SeaWorld Is Shutting Down Its Orca Breeding Program

But the orcas currently living in its parks will remain there for the rest of their lives

K.C. Alfred/ZUMA Pess/Corbis

After several years of public scrutiny and criticism, SeaWorld announced that it is ending its orca breeding program. Because the theme park operator long ago stopped capturing orcas from the wild, the orcas currently at the parks will be the last generation to live at SeaWorld.

It has not been an easy few years for SeaWorld. After a series of high-profile protests following the 2013 premier of the documentary Blackfish, SeaWorld has fought against allegations of inhumane conditions and abusive treatment of its 23 captive orcas. Last November, the company announced that it will phase out its once-popular “Shamu Shows” by 2017—the same month that legislators in the California House of Representatives proposed a bill banning orca breeding throughout the state.

“Times have changed, and we are changing with them,” SeaWorld wrote in a statement. “We love our whales and so do many of our visitors and this is about doing the best thing for our whales, our guests, our employees and SeaWorld.”

While SeaWorld has denounced Blackfish as inaccurate and exploitative, since the documentary debuted the company has seen a dramatic drop in visitors to its flagship theme parks and watched as its value on the stock exchange was halved, BBC News reports. At one point, SeaWorld launched a multimillion dollar ad campaign to try and save its image, but eventually decided that phasing out its orca programs would be the best path.

But even though SeaWorld says the current generation of orcas housed at its parks will be its last, these whales will also spend the remainder of their lives in captivity, which could last as long as 50 years. Although some animal rights activists have pushed for SeaWorld to release its remaining orcas into sea pens or coastal sanctuaries, SeaWorld president and chief executive officer Joel Manby writes in an Op-Ed for the Los Angeles Times that releasing the orcas into the wild would be disastrous.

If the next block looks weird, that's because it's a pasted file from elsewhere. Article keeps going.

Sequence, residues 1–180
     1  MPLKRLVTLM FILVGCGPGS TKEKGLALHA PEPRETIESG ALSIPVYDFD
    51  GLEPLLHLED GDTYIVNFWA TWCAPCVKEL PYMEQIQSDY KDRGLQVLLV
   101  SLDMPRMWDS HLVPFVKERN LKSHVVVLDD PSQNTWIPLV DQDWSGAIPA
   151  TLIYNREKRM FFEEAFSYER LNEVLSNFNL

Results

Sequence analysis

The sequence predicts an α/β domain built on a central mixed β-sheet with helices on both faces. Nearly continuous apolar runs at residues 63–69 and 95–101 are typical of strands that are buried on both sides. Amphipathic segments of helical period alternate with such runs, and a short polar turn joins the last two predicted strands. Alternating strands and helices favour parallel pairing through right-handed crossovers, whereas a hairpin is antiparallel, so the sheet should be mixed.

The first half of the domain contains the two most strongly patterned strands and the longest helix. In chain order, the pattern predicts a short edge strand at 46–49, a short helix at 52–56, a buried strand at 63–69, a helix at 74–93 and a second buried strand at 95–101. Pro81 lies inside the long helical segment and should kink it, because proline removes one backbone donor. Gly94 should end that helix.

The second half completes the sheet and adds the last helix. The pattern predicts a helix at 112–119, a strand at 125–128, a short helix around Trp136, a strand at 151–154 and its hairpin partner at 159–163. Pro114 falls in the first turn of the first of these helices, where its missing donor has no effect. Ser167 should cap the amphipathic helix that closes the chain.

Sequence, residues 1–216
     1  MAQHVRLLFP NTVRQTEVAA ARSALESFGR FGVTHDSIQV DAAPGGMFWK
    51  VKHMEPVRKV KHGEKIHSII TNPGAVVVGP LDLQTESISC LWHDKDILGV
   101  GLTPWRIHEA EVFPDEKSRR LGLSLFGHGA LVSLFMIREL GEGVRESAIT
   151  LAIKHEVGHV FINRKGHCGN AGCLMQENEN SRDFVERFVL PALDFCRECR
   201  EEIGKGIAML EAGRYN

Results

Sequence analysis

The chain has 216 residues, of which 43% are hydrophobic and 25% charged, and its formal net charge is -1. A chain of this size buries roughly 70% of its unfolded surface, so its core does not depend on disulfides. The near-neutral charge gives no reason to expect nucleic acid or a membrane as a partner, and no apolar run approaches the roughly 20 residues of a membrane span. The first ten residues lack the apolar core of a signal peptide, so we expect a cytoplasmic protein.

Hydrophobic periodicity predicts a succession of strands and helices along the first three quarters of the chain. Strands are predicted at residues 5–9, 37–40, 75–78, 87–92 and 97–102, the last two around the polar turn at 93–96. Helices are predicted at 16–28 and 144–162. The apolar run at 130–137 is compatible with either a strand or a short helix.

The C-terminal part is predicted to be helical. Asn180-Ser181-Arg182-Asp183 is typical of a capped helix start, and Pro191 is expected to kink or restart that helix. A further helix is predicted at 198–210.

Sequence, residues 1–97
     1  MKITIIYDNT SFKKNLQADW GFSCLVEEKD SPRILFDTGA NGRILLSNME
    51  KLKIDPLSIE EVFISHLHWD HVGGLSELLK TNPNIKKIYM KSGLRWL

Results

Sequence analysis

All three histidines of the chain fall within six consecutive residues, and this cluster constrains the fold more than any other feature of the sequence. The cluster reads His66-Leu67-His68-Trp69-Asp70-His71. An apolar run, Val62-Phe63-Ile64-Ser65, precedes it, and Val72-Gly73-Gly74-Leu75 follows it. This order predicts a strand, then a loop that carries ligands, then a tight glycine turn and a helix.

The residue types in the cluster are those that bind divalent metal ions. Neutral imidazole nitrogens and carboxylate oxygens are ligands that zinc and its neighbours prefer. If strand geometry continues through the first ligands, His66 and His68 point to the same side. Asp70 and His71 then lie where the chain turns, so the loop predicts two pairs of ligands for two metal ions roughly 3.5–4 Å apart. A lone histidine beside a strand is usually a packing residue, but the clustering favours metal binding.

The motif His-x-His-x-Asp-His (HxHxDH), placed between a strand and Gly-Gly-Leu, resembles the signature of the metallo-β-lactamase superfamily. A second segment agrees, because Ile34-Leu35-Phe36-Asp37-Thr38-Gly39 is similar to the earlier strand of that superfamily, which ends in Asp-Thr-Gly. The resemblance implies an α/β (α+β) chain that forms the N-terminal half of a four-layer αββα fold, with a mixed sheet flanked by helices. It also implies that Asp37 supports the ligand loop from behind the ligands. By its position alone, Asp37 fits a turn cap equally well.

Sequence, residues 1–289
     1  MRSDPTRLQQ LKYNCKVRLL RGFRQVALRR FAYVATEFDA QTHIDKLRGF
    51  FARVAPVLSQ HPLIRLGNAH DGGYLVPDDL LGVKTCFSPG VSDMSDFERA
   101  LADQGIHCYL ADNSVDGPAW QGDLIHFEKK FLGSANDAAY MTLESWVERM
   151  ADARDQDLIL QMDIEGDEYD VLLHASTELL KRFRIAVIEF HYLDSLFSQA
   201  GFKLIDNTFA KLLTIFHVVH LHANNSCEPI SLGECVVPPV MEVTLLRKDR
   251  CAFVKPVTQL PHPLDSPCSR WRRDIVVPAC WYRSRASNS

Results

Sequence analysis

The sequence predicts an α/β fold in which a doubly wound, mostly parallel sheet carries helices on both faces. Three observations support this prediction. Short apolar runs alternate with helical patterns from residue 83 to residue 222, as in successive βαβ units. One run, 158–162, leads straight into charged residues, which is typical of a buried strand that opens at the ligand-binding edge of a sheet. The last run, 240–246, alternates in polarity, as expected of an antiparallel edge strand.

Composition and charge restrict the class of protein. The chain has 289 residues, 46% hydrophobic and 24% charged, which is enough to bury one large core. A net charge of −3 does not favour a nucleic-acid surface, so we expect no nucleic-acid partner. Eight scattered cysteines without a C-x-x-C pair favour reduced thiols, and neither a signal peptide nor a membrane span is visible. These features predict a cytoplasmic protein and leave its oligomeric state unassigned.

“Most of our orcas were born at SeaWorld, and those that were born in the wild have been in our parks for the majority of their lives,” Manby writes. “If we release them into the ocean, they will likely die. In fact, no orca or dolphin born under human care has ever survived release into the wild.”

Over the last 50 years, few captive orcas have been released into the wild, but most that were released have indeed met unfortunate endings. Whales and dolphins have very complex social and familial networks and do not readily accept new members into the pod without knowing a captive whale’s background. Because of this, it can be incredibly difficult for them to transition from captivity to the wild, particularly if they were reared in captivity.

One infamous and particularly tragic example is the 2002 attempt to rewild Keiko, the orca who starred in Free Willy. Keiko was captured from his native waters near Norway as a youth, and even though he spent several years in a sea pen before he was released into the wild, he never joined a new pod and died a year later, Kaleigh Rogers reports for Motherboard.

While SeaWorld’s remaining orcas may be there to stay, this is still a step forward for animal rights groups and orca lovers alike.

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